(The Verge) WHY IS JUUL WORTH $16 BILLION? IT’S MORE LIKE A CIGARETTE THAN YOU THINK
“This is a recipe for addiction.”
Verge video director Christian Mazza started vaping after he quit the cigarettes he’d smoked for 15 years. At first, he didn’t like the Juul compared to the low-nicotine e-cigs he started with. But over time, he says, “It just sort of took over, and everything else just got put away in a shelf — and the Juul became the daily driver.” It’s tiny, discreet, and the e-cig liquid doesn’t leak. Plus, he says, “I don’t know what’s going on on a molecular level, but it hits smoother and it’s a lot more satisfying when you’re craving that nicotine.”
Dieter Bohn, The Verge’s executive editor, agrees. “I do feel the hit of the nicotine much more strongly than I do with other e-cigs,” he says. “The fact that the nicotine appears to feel a little more effective or direct than other vapes means, for me at least, it has been remarkably difficult to kick it.”
These nicotine salts are less harsh to inhale than the straight-up, “freebase” nicotine used in most regular nicotine vapes — the same kind of nicotine you get from smoking the air-dried tobacco used for pipes and cigars. Freebase nicotine can be absorbed through your mouth — but it’s also much less pleasant to inhale because of its “greater physiological (throat and chest) impact and toxicity,” according to a report for the tobacco industry from the 1970s.
So you can kind of think of regular vapes like cigars, and the Juul like a cigarette: many vape juices use freebase nicotine, but Juul, which was “created to be a satisfying alternative to cigarettes,” has those JuulSalts that make the nicotine easier to inhale. Juul combines freebase nicotine with benzoic acid in its e-liquid, creating a chemical reaction that produces the nicotine salts. Each JuulPod e-liquid cartridges contains as much nicotine as a pack of cigarettes, the company says — and it’s in a form that’s just as easy to inhale as cigarettes.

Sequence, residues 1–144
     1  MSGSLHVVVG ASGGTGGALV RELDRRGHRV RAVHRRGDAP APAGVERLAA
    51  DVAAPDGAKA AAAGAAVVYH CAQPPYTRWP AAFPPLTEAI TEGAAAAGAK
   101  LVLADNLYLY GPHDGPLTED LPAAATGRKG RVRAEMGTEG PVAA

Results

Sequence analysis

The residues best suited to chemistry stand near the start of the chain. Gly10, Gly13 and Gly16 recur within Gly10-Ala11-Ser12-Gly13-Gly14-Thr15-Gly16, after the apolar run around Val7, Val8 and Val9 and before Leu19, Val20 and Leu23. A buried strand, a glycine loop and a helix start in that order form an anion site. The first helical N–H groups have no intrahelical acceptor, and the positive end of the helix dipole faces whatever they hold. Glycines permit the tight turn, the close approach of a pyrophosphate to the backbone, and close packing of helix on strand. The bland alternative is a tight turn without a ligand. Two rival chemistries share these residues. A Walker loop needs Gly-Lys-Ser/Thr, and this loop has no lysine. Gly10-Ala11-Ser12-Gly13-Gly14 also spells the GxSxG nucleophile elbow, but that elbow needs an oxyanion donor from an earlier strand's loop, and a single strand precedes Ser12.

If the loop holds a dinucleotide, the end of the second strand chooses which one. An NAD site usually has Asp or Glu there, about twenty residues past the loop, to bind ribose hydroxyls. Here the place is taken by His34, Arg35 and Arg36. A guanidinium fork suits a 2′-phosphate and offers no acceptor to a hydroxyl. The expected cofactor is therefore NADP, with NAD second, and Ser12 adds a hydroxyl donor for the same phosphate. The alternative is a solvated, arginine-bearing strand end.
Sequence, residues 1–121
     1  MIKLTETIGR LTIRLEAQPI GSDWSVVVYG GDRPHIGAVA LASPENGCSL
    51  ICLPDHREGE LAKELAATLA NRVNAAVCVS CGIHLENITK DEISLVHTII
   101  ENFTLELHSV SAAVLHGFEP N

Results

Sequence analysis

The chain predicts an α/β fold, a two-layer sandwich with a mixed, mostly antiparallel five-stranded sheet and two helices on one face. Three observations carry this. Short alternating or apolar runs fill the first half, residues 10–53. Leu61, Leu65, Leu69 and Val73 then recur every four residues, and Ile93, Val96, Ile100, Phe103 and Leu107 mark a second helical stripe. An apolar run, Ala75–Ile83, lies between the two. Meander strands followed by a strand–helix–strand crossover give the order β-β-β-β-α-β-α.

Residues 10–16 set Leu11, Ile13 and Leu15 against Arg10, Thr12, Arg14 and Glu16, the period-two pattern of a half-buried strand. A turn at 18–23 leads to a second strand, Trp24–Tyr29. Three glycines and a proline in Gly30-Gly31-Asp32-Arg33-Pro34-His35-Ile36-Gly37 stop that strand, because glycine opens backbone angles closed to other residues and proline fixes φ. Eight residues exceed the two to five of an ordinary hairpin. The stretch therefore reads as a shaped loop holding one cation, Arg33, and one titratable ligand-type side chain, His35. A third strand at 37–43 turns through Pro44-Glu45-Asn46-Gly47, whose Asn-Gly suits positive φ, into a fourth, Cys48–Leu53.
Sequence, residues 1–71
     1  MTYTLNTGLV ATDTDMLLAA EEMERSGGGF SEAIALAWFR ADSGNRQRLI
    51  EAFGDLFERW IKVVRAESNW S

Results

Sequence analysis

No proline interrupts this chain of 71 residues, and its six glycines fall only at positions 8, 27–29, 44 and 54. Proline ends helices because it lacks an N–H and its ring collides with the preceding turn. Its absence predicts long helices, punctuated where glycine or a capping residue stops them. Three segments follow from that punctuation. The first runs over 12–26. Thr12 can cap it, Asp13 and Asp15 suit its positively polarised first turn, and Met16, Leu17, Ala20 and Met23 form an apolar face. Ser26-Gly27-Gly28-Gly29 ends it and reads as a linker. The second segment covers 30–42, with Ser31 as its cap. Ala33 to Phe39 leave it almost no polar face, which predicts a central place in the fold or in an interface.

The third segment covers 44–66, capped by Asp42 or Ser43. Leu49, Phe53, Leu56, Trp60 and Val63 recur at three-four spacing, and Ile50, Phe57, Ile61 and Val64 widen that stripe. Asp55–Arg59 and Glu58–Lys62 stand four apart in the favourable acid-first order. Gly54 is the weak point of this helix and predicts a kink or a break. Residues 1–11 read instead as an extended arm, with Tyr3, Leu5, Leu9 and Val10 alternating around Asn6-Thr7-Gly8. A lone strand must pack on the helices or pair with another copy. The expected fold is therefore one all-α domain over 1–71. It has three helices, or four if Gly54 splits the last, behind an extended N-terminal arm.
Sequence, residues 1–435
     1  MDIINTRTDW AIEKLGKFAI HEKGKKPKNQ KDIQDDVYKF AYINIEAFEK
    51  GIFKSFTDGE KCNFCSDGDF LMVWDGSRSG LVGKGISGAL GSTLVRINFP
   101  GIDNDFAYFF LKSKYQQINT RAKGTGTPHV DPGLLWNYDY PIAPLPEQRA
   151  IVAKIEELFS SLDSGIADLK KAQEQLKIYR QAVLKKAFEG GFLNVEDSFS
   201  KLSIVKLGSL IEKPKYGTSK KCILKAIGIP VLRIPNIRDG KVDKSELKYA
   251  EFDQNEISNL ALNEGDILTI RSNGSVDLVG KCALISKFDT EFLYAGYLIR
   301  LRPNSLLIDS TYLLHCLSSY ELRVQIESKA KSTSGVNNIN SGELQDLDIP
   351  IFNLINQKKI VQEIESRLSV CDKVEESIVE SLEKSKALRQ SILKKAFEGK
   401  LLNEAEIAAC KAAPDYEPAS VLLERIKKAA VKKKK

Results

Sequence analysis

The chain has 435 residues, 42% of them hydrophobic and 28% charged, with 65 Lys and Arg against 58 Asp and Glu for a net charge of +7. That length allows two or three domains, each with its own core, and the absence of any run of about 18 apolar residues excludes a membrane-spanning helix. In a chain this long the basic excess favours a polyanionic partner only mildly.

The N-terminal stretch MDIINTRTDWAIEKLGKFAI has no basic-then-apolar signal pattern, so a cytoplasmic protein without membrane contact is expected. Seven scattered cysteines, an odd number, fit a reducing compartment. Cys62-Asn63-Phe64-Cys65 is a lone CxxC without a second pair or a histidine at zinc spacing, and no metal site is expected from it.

For adult smokers who want to stop smoking and still need a nicotine hit, “that’s not necessarily a bad thing,” says Gideon St Helen, a professor at the University of California, San Francisco. “You just don’t want young people using it.” The company cautions similarly. “Juul is intended for adult smokers only who want to switch from combustible cigarettes,” says spokesperson Victoria Davis, who calls fighting underage vaping “a top priority for the company.” To that end, Juul has promised $30 million for research and education geared at keeping young people from vaping. “We cannot be more emphatic on this point: No young person or non-nicotine user should ever try Juul,” she says.
But young people do use Juuls, according to a wave of reporting from the New York Timesand New Yorker. Even though tobacco use has dropped overall since 2011 for teens and adolescents, there’s still a “disturbingly high number of youth who are using e-cigarettes and vaping products,” the FDA says in a statement. And the FDA has demanded that Juul Labs Inc. hand over details about its products.
Juul’s products contain higher doses of nicotine and lower levels of the harsh freebase nicotine than other e-cigs, new research says. Chemistry professors David Peyton, Jim Pankow, and graduate student Anna Duell at Portland State University tested 11 different e-cig liquids. They also tested the aerosols produced by three of those liquids. To catch enough of the plume droplets to measure their contents, the team had to essentially milk the vape with a syringe pump.
They found that the Juul ‘Fruit Medley’ and ‘Creme Brulee’ flavored liquids had the highest nicotine content, but nearly the lowest levels of nicotine freebase, according to their recent paper published in Chemical Research in Toxicology. Only one liquid, called Placid, had lower levels of freebase nicotine and significantly lower nicotine content overall.
Essentially, Juul packs a bigger nicotine punch in a more pleasant package than the other products the team tested.
“If you’ve never smoked, and you try Juul for a few days, this is a recipe for addiction,” says Peyton, who calls Juul a double-edged sword. “You could make someone addicted who’s never been a smoker — or, for someone who is addicted to nicotine, this could be a way to get off of cigarettes.”
Juul’s nicotine salts are patented. And that patent is crystal clear about why Juul uses nicotine salts: it delivers nicotine to users almost exactly like a cigarette. “[N]icotine salt formulations provide satisfaction in an individual superior to that of free base nicotine and more comparable to the satisfaction in an individual smoking a traditional cigarette,” the patent says. “The peak concentrations of the nicotine in the blood and total amount of nicotine delivered appears comparable to a traditional cigarette.” And indeed, the company submitted charts with the patent illustrating its claims that nicotine salts closely match the amount of nicotine delivered into the bloodstream by a Pall Mall cigarette, as compared to freebase nicotine.